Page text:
Landlords and Home Owners

The UK Government, in conjunction with the Financial Conduct Authority, has put in place a system which allows homeowners, including landlords, to take a three-month mortgage payment holiday. However, there is no requirement for landlords to pass on the money saved to tenants, through rent holidays or rent reductions. The Scottish Government have, from 5 May 2020, provided a fund for landlords whose tenants may be unable to pay the rent. The aim of the fund to enable landlords to support tenants and minimise financial hardship that might be caused by the extended notice periods outlined in The Coronavirus (Scotland) Bill 2020. The Scottish Association of Landlords points out that the loans are only available to landlords with up to five properties. They have suggested that the loans be made available to all landlords.

Property market

There has been a decrease in property sales and the number of homes coming onto the market since March 2020. The closure of the property registers to paper-based applications for registration by Registers of Scotland (ROS) on 24 March significantly affected the completion of property transactions. The Scottish Government released guidance on 31 March 2020 which stated that property moves should be delayed until after the social distancing measures have been lifted. There is also an exit of landlords from the short-term rental sector as demand has fallen.

Social housing

If the Coronavirus (Scotland) (No.2) Bill comes into force in its current form, Registered Social Landlords (RSLs) will have nine months to submit their accounts, rather than six months. This is due to the pressures that housing associations are facing dealing with COVID-19 issues.

However, housing associations may lose rental income from tenants who usually pay in cash and cannot currently use phone or online methods. New-build properties which will not either be completed or handed over this year may also result in a reduction in expected income for Housing Associations.

Some social landlords, including local authorities and housing associations, have suspended allocations and mutual exchanges. This means that properties are not being allocated to people on housing registers as normal, nor are tenants able to swap properties with one another (Mutual Exchanges). However, delays to housing allocations risk the safety of vulnerable groups, such as those with mobility or health issues and may create a backlog within the housing sector.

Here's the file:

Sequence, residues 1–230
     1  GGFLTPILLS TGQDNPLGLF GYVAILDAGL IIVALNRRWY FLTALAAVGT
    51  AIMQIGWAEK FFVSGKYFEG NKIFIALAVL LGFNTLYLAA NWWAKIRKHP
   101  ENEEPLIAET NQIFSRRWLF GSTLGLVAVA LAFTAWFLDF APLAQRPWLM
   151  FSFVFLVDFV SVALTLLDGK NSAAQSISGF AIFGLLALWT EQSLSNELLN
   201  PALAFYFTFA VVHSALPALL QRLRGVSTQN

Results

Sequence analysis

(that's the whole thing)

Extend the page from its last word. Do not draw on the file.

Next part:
Audit Scotland expressed concern that the Scottish Government may not meet their ambitious target of 50,000 affordable homes, of which 35,000 were to be for social rent, therefore reducing the amount of accommodation available. This reduces the amount of income social housing providers may receive from tenants.

Unanswered questions

There are many questions about how the housing sector may develop after lockdown is lifted. With the need for increased local authority spending to cope with COVID-19, it seems likely that budgets will have to be re-evaluated. This may have an impact on the implementation of Housing First and Rapid Rehousing plans.  These plans work to house the most vulnerable clients with support and, where possible, reduce the need for temporary accommodation through rapidly rehousing homeless clients. Additionally, the pausing of the Affordable Housing Supply Programme, due to the lack of house building taking place, reduces the quantity of accommodation available which may delay allocation of housing to tenants.

The additional measures brought in by the Scottish Government, including funding, are temporary. What will happen when the funding ends? Will the rough sleepers currently housed in hotels be returned to the streets or placed in accommodation which may put them at risk, such as hostels? Will there be the end to end support plans in place for these vulnerable people to enable them to move on to more suitable accommodation with the requisite support?

The Coronavirus (Scotland) Bill 2020 postponed evictions for 6 months (3 months for antisocial behaviour issues). Additionally, the First Tier Tribunal (Housing and Property Chamber) is closed until at least 28 May and is currently only dealing with urgent or time-critical matters so landlords cannot make any applications for eviction. Does this mean there will be a spike in eviction applications once the tribunal re-opens for business and the eviction notice periods are up? Is there a possibility of an increase in Housing Advice or Homelessness cases for local authority housing departments and an increased demand for social housing?

We will have to wait and see.

Alex Marks

SPICe Researcher